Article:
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'We need help' Cape Coral woman part of growing trend of elderly homeless

A recent survey from a Collier County charity found 1/4th of all homeless people in the county were senior citizens.
Leslie Kerman
Posted at 7:05 PM, May 16, 2023
and last updated 2023-05-16 19:05:21-04

CAPE CORAL, Fla. — On a hot day in May, Leslie Kerman seeks refuge in her air-conditioned car.

It’s the only way for her to cool down. Since Hurricane Ian slammed into Southwest Florida more than seven months ago, the 72-year-old Cape Coral resident hasn’t been able to find a permanent place to live.

“I don’t want a handout. I just want to be able to get into an apartment,” said Kerman, who has lived in Lee County for 20 years.

Soon after the storm, Kerman says her landlord sold the apartment she had been renting to a developer.

She’s currently staying on an acquaintances couch, but that building has also been sold.

On a fixed-income, Kerman says she hasn’t been able to find an affordable place to live.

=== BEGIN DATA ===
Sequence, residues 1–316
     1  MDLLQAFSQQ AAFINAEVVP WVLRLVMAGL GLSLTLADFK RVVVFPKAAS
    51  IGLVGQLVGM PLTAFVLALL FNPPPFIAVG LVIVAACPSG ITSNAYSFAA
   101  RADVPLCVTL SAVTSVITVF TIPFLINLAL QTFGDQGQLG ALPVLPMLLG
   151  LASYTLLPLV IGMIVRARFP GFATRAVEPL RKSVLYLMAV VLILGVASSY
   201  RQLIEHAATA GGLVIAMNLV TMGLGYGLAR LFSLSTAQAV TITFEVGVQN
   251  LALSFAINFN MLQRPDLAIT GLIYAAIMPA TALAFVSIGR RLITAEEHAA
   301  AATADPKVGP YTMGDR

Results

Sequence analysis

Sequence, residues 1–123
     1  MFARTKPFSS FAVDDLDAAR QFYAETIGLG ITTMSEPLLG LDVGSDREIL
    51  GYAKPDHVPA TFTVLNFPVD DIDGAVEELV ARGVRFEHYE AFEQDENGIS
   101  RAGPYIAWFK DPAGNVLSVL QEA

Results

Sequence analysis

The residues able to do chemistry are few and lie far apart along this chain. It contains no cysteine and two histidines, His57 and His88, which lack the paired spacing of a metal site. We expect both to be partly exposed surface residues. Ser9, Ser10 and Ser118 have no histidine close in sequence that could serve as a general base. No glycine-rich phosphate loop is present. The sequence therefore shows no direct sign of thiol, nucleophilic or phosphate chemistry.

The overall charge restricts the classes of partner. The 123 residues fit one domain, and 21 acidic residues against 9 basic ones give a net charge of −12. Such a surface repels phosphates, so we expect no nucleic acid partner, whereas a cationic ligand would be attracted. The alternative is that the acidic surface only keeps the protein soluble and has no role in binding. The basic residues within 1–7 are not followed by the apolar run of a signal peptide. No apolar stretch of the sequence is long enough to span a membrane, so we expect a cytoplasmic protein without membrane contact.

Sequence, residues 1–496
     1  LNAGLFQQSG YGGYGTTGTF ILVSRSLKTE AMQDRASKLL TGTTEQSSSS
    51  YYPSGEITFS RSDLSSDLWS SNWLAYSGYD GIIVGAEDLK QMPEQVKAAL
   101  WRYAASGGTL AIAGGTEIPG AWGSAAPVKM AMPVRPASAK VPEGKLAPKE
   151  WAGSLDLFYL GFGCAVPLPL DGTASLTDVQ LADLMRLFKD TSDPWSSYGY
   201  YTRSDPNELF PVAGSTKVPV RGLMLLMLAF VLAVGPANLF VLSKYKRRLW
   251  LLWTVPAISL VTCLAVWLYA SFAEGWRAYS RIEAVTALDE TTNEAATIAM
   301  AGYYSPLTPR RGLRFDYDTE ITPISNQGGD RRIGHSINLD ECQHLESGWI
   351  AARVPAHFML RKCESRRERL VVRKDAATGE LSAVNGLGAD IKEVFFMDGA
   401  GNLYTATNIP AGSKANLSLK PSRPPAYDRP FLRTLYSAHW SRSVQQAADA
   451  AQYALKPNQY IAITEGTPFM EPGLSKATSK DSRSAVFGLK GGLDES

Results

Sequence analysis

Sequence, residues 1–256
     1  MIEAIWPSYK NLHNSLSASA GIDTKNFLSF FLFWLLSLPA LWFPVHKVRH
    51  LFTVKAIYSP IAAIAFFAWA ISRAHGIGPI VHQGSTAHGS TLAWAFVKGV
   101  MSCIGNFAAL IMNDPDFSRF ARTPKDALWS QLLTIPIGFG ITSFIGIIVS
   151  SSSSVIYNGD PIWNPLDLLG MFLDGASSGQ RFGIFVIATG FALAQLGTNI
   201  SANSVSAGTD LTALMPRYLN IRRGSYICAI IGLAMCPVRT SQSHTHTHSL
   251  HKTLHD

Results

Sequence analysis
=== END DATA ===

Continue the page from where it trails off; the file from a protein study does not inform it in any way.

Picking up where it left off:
At the end of the month, Kerman will be homeless.

“I keep hitting a brick wall,” said Kerman.

She’s part of a growing, and mostly undocumented, problem; more and more seniors are facing homelessness.

Federal numbers show Florida has the third highest homeless population in the U.S. with more than 27,000 residents experiencing homelessness.

However, there are no federal statistics showing how many of those homeless individuals are elderly residents.

“We’re seeing more first-time homelessness and more elder homelessness,” said Steven Brooder, CEO of St. Matthew’s House which operates two shelters in Collier County.

Every year a team of volunteers sets out to count the number of homeless individuals living in the county.

This year, the team found 703 people experiencing homelessness, a whopping 52% increase from the year before. More than 1/4th of them were seniors, according to St. Matthew’s House.

“People want to move on. If they could find affordable housing. But it’s hard,” Brooder said.

During a hospital stay earlier this year, Kerman said she heard similar stories of senior citizens experiencing homelessness.
While no one has an exact grasp on the problem, nearly everyone agrees the problem is increasing.

“So many of them came back to me and said, ‘I go up and down the aisle and there are a ton of senior citizens who have a similar situation to you, they’re homeless,’” said Kerman, recounting conversations with hospital staffers.

Sadly, even the numbers from St. Matthew’s House don’t paint the full picture.

Brooder says it’s impossible to count the full homeless population and instead estimates the problem is two to three times worse than what has been documented.

“There aren’t a lot of places that work hard to help us. And lord knows we need help,” said Kerman. “We need help.”